Kurds

Turkish invasion of Syria would mow down Kurdish Christians. Are media tracking this?

Turkish invasion of Syria would mow down Kurdish Christians. Are media tracking this?

Just when the heat is at its most insufferable in the Middle East, Turkey is planning to attack Syrian Kurds. What secular media reports aren’t saying is that thousands of Christians are in the way.

With America’s attention riveted on recent shootings in Texas, California and Ohio, few people realize that we could be at the brink of war with Turkey. Turkey, to its credit, has taken in millions of Syrian refugees in recent years. But Turkish leaders have vowed to destroy the Kurds, made up of more than 30 million people scattered over four nations and the world’s largest people group without a country.

Was it Turks, ISIS or someone else who set off the the car bomb next to a church in Qamishli, Syria, a few weeks ago?

Foreign news wonks are the main folks following this, but it could be a big deal very soon. I’ll let Foreign Policy set the stage for the upcoming conflict:

Tensions between Washington and Ankara spiked on Monday as Turkey began amassing large numbers of troops and military equipment on the border with northeast Syria in preparation for an attack against the U.S.-backed Syrian Kurds who helped defeat the Islamic State.

While he did not explicitly threaten a military response, U.S. Defense Secretary Mark Esper strongly implied that the United States would take action if Turkey attacks the Syrian Democratic Forces (SDF), a mostly Kurdish group that Turkey argues has ties to the Kurdistan Workers’ Party militant group, known as the PKK, which both the United States and Turkey have designated a terrorist group. Such an incursion would be a significant escalation of ongoing friction between the two NATO allies and would threaten not just the Kurds, but also U.S. troops in the region.

There are lots of reporters tromping around the area.

David Ignatius’ July 25 Washington Post editorial tells Donald Trump for once to get it right, in terms of defending the Kurds against their mortal enemies, the Turks. The Kurds, he says, are “one of the extraordinary survival stories of the Middle East.”

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Who are the Yazidis of Iraq? (And why are they facing such bitter persecution?)

Who are the Yazidis of Iraq? (And why are they facing such bitter persecution?)

RACHAEL’S QUESTION:

I’ve heard of Yazidis but don’t know much about them. What are some basics of their beliefs?

THE RELIGION GUY’S ANSWER:

The genocidal effort by the “Islamic State” (I.S.) to exterminate devotees of this small Kurdish religion centered in mountainous northern Iraq is a great moral outrage of the era. The opponents’ bloodthirsty zeal exceeds even the persecution, enslavement, exile, and murder I.S. has visited upon Christians.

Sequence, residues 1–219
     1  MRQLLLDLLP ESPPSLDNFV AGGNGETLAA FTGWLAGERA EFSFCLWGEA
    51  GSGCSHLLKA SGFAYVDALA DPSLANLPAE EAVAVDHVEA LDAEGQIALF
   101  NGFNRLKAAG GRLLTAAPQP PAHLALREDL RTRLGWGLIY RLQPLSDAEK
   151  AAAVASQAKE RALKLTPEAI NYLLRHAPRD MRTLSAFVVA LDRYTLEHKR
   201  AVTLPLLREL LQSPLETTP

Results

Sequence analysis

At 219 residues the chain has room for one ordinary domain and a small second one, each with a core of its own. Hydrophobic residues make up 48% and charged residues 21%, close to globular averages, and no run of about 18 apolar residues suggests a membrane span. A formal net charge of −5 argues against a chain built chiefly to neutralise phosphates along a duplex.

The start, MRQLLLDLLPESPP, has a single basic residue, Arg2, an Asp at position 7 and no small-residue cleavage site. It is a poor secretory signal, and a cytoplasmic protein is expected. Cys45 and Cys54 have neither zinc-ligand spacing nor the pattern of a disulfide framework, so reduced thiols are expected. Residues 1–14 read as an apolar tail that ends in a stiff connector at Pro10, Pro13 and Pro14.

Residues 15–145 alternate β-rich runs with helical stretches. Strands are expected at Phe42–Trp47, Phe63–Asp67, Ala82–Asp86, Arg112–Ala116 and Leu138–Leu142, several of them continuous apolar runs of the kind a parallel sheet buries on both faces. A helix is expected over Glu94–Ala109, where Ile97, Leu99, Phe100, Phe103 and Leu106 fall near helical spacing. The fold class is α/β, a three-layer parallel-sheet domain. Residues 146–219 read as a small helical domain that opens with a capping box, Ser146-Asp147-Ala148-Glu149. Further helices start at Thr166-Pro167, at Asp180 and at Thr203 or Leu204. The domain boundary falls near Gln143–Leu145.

With Mosul as the current focus of coalition combat to expel I.S., note that just 36 miles northeast of that metropolis lies Lalish, the holy city of the Yazidi (also transliterated as Yezidi, Azidi, Zedi, or Izdi). It’s the site of the major shrine and pilgrimage destination, the tomb of 12th Century Sheikh Adi ibn Musafir, venerated as the founder (or co-founder) of the faith.

Yazidism is also in the news because refugee Nadia Murad Bassee has emerged internationally as the Yazidi voice for thousands of fellow young women subjected to kidnapping, sexual trafficking and rape at the hands of I.S.  In recent weeks she was awarded the Vaclav Havel Human Rights Prize, and shared the Andrei Sakharov Prize for Freedom of Thought with another Yazidi, Lamiya Aji Bashar.

Such hate has persisted over centuries and Yazidi annals count 72 previous waves of persecution. Muslim extremists find the Yazidis especially repellent and threatening. They are considered apostates from true Islam and thus deserving of death, and also as supposed “devil worshippers.”

In fact, this is a unique and lavishly syncretistic creed.

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ISIS, rape and birth control: Stunning New York Times feature raises new questions

ISIS, rape and birth control: Stunning New York Times feature raises new questions

There are certain stories that, when you see the headline, you drop everything and click until the piece pops up in living color on your screen. Such is Sunday’s New York Times piece on ISIS’ rape culture. “To maintain supply of sex slaves,” the headline reads, “ISIS pushes birth control.”

When it comes to covering ISIS, one thinks things can't get any more horrifying and then more revelations come out about worse atrocities in the sad lands under their sway. Moreover, the story was set in Dohuk, an Iraqi city I visited 11 years ago, where a lot of these poor women who’ve escaped ISIS end up before they’re shipped out of the area for asylum purposes.

DOHUK, Iraq -- Locked inside a room where the only furniture was a bed, the 16-year-old learned to fear the sunset, because nightfall started the countdown to her next rape.
During the year she was held by the Islamic State, she spent her days dreading the smell of the ISIS fighter’s breath, the disgusting sounds he made and the pain he inflicted on her body. More than anything, she was tormented by the thought she might become pregnant with her rapist’s child.